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SEC Disclosures Amidst Coronavirus

SEC Disclosures Amidst Coronavirus Background Decorative Image

As the global incidence of COVID-19 (or coronavirus disease 2019) grows, companies are feeling real effects from what seemed like a hypothetical risk a short time ago. They must quickly evaluate risks to and effects on their businesses, employees and customers, often with uncertain information. Public companies must also consider whether, how and when to update their investors and markets about the effects of the spread of COVID-19 on their operations and outlook.

On March 4, the Securities and Exchange Commission provided conditional relief for public companies that are unable to meet their filing requirements due to the COVID-19 outbreak. SEC Chairman Clayton also reminded “all companies to provide investors with insight regarding their assessment of, and plans for addressing, material risks to their business and operations resulting from the coronavirus to the fullest extent practicable to keep investors and markets informed of material developments.”

Key Disclosure Considerations:

  • Risk factors should describe material effects of COVID-19 on the company that have already occurred and that are anticipated. Companies directly affected by material operational, supply or demand disruptions may require robust disclosure, while companies experiencing smaller, indirect consequences may be comfortable with only a general reference to diseases such as COVID-19. Companies that have already filed their annual report for fiscal year 2019 should assess whether existing risk factors must be updated on a Form 8-K or included in the company’s next quarterly report.
  • Describe assessment of COVID-19 effects as a known trend or uncertainty in MD&A. Public companies should include a discussion in MD&A of known trends, events, demands, commitments and uncertainties that are reasonably likely to have a material effect on the company’s financial condition or operating performance. Management should assess whether the spread of COVID-19 meets this standard and include appropriate disclosure in MD&A. This may include financial, operations, or personnel effects.
  • Review and update key assumptions, sensitivities and accounting measures. Financial and accounting and audit teams should consider the effect of COVID-19 developments on impairment analysis, counterparty credit risk, covenant compliance and other financial and accounting measures and sensitivity analyses.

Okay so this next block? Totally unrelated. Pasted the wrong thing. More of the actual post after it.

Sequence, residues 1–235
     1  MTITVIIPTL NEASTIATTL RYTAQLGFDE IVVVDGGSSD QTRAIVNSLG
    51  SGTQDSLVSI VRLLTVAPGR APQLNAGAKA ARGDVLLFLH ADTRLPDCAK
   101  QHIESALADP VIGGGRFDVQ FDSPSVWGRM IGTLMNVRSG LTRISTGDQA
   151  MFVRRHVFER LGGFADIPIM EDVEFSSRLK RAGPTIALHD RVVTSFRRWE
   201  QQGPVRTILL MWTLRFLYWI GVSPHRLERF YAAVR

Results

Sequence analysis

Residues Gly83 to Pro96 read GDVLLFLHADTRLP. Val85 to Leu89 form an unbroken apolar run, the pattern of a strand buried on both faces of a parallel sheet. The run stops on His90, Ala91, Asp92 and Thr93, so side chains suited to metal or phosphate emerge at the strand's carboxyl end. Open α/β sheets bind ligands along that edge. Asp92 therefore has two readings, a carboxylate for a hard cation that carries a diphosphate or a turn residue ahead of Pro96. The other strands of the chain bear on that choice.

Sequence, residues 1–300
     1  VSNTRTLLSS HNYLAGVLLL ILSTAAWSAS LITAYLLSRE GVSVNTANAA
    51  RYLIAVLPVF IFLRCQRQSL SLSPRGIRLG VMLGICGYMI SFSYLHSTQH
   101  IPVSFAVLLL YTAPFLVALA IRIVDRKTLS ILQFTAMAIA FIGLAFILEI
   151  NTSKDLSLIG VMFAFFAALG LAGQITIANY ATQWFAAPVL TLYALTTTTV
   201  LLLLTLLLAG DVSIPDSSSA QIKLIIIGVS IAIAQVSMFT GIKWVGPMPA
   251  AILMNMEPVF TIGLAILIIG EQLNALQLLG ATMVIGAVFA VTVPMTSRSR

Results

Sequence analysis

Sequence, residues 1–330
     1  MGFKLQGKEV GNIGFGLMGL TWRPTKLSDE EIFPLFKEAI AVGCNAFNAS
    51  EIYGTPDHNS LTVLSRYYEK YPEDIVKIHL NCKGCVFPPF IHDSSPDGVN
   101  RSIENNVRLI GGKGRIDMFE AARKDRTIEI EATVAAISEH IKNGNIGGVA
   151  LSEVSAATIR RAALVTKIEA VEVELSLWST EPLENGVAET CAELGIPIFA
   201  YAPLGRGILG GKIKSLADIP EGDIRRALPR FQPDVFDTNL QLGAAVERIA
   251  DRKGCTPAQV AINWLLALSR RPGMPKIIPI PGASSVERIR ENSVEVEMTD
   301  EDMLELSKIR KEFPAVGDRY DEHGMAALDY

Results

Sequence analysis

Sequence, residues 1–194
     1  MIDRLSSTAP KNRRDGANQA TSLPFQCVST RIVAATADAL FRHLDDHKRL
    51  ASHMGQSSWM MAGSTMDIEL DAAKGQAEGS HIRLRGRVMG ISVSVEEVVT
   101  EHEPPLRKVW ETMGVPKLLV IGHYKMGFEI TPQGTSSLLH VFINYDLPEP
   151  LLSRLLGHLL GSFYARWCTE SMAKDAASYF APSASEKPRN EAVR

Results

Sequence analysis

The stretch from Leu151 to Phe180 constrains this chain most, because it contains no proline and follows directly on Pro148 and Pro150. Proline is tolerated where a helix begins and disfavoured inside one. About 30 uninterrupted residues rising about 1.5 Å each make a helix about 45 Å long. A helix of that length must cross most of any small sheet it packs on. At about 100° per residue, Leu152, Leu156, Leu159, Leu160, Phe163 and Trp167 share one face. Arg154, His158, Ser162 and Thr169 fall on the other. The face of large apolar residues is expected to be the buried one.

• Update safe harbor language. Update forward-looking statements (FLS) disclaimers in press releases and SEC filings that include statements that may be affected by COVID-19.
  • Consider updates to financial or other guidance. Financial and other guidance, even if made recently, may have already been materially affected by the spread of COVID-19. Consider whether and when to provide updating disclosure to those statements, and consider whether new guidance should be for short periods only.

COVID-19 SEC Disclosure Checkup

  • Risk Factors
  • MD&A
  • Accounting
  • FLS Disclaimers
  • Guidance

Key Process Considerations:

  • Avoid selective disclosure of material non-public information (MNPI). Normal anti-fraud rules and Regulation FD apply even in a pandemic. Do not selectively disclose MNPI. Any inadvertent disclosure of MNPI by a senior company official should be promptly corrected with a public filing. Consider whether the company has a duty to update prior risk factors, earnings guidance or other information that has become materially inaccurate in light of new developments.
  • Close trading windows until MNPI is disclosed. The current environment of market and operational volatility from COVID-19, commodities pricing, and political uncertainties may cause companies to have MNPI at times that trading windows are normally open. Pay attention to information, and close trading windows generally or selectively as material information emerges until the information is publicly disclosed.
  • Consider switching to a virtual or hybrid stockholder meeting. Verify that a virtual or semi-virtual stockholder meeting is permitted by governing law and charter documents and whether it is a practical option.
  • Monitor internal controls. Be vigilant against cybersecurity attacks. Make contingency plans to maintain internal controls during foreseeable disruptions to operations or staff. Be particularly vigilant in protecting against cybersecurity threats. Read more on COVID-19 in the workplace here.
  • Apprise directors regularly about developments. Management should provide regular reports to the board to allow directors to play an active role in assessing the company’s risks, management’s responses, and company disclosure related to COVID-19. Use this as an opportunity to assess the effectiveness of emergency by-laws or to enact emergency by-laws if the company does not already have them.

COVID -19 Key Process Checkup

  • Selective Disclosure
  • Insider Trading
  • Stockholder Meeting Planning
  • Internal Controls
  • Cybersecurity
  • Board Engagement

Take Advantage of SEC Relief If Needed

The SEC granted relief to companies unable to meet certain filing deadlines due to COVID-19, allowing certain filings to be delayed by up to 45 days. Companies taking advantage of this relief must file a current report explaining why they need the relief. More details on the relief can be found here.

Please visit our Coronavirus: Preparation & Response series for additional resources we hope will be helpful.

This information is provided by Vinson & Elkins LLP for educational and informational purposes only and is not intended, nor should it be construed, as legal advice.